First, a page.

Lock Margaret and Vinh-Kim Nguyen, 2010, An Anthropology of Biomedicine, Wiley-Blackwell

Nichter Mark, 2008, Global Health: Why Cultural Perceptions, Social Representations, and Biopolitics Matter. Tucson, University of Arizona Press.

Packard Randall M., 2016, A History of Global Health, Interventions into the Lives of Other Peoples, Johns Hopkins University Press.


Third Volume (choose one from the following list):

Antze P., Lambek M. (1996), Tense Past: Cultural Essays in Trauma and Memory, Routledge

Arnold, D. 1993. Colonizing the Body: State Medicine and Epidemic Disease in Nineteenth-Century India. Berkeley: University of California Press.

Baer, Singer, Susser (1997), Medical Anthropology and the World System: a critical perspective. Bergin & Garvey.

Biehl J. (2005), Vita: Life In A Zone Of Social Abandonment, University of California Press

Biehl João, 2009, Will to Live: AIDS Therapies and the Politics of Survival. Princeton University Press.

Bourgois, Fassin, Heggenhougen, Nordstrom(2009), Global Health in Times of Violence, School for Advanced Research Press.

Briggs C & C Mantini-Briggs 2003. Stories in the Time of Cholera: Racial Profiling during a Medical Nightmare. Berkeley, Los Angeles, London. University of California Press.

Comaroff, Jean ,1985, Body of Power, Spirit of Resistance: The Culture and History of a South African People. University of Chicago Press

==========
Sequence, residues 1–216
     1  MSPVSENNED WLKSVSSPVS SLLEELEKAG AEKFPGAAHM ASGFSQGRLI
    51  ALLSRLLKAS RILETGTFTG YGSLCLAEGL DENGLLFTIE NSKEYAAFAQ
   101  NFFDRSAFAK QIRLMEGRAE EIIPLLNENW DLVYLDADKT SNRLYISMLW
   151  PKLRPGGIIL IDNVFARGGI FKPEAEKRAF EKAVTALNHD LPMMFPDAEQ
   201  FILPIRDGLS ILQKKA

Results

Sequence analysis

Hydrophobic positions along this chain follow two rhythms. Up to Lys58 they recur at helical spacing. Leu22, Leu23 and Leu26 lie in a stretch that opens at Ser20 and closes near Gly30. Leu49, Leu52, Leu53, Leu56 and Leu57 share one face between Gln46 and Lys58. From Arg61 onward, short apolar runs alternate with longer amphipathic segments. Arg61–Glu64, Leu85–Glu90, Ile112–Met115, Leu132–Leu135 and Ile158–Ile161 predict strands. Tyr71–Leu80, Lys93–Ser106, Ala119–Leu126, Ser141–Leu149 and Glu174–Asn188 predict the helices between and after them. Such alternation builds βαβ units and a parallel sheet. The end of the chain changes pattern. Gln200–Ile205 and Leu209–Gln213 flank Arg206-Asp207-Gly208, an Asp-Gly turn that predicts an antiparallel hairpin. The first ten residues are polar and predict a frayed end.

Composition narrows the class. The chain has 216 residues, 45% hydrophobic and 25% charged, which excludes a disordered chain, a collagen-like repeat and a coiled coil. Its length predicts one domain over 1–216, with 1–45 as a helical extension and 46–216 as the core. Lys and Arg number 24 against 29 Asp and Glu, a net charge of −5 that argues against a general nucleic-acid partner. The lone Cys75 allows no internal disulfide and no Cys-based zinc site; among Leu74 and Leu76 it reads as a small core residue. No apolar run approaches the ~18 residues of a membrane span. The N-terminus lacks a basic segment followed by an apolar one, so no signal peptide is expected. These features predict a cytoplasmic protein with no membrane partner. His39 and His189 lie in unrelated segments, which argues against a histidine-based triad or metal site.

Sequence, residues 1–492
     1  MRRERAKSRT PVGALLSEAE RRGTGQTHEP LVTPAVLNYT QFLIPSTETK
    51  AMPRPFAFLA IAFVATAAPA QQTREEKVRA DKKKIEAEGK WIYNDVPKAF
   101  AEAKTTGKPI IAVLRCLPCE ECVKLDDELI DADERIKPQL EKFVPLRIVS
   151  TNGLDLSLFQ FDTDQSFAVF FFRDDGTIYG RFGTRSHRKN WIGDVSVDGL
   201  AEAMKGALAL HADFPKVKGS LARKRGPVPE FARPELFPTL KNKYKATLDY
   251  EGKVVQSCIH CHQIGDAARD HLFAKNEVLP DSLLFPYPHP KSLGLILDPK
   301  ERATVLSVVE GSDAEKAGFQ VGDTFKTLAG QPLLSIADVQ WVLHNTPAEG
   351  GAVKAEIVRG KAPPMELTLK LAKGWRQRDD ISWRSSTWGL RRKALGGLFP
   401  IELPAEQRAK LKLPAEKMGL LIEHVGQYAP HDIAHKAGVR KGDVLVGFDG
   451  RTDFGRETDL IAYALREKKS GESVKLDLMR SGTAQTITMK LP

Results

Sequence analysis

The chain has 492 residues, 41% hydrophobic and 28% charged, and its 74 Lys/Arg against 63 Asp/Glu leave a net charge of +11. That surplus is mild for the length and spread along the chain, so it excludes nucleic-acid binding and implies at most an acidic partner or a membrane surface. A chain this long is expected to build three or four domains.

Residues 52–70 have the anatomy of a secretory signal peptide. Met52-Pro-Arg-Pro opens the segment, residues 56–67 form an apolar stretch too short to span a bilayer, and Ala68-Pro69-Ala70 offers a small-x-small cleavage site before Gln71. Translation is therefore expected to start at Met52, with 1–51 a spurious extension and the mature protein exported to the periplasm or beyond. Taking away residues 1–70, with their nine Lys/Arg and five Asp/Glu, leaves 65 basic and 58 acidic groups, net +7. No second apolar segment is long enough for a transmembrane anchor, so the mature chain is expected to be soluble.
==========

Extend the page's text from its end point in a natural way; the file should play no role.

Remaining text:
Csordas, T.J., (2002), Body/Meaning/Healing. New York: Palgrave.

Del Vecchio Good M.J., Hyde S.T., Pinto S., Good B.J., (2008) Postcolonial Disorders (Ethnographic Studies in Subjectivity), University of California Press.

Desjarlais, R., Eisenberg, L., Good, B.J. & Kleinman, A. (Eds.). 1995. World Mental Health: Priorities, Problems, and Responses in Low-Income Countries. New York: Oxford University Press.

Didier Fassin, 2011, Humanitarian Reason. A Moral History of the Present, University of California Press.

Farmer, P. 2003. Pathologies of Power: Health, Human Rights, and the New War on the Poor. Berkeley: University of California Press.

Farmer, P., 1992, AIDS and accusation: Haiti and the geography of blame, Berkeley, University of California Press.

Farmer, P., 1999, Infections and inequalities. The modern plagues, Berkeley, University of California Press.

Farmer, P., 2003, Pathologies of power. Health, human rights, and the new war on the poor, Berkeley, University of California Press.

Farmer, Paul, Margaret Connors, and Janie Simmons, 1996, Women, Poverty, and AIDS: Sex, Drugs, and Structural Violence. Monroe: Common Courage Press.

Fassin D. e Pandolfi M. ( a cura) (2010), Contemporary States of Emergency: The Politics of Military and Humanitarian Interventions, Zone Books.

Fassin Didier, 2007, When Bodies Remember. Experiences and Politics of AIDS in South Africa. University of California Press.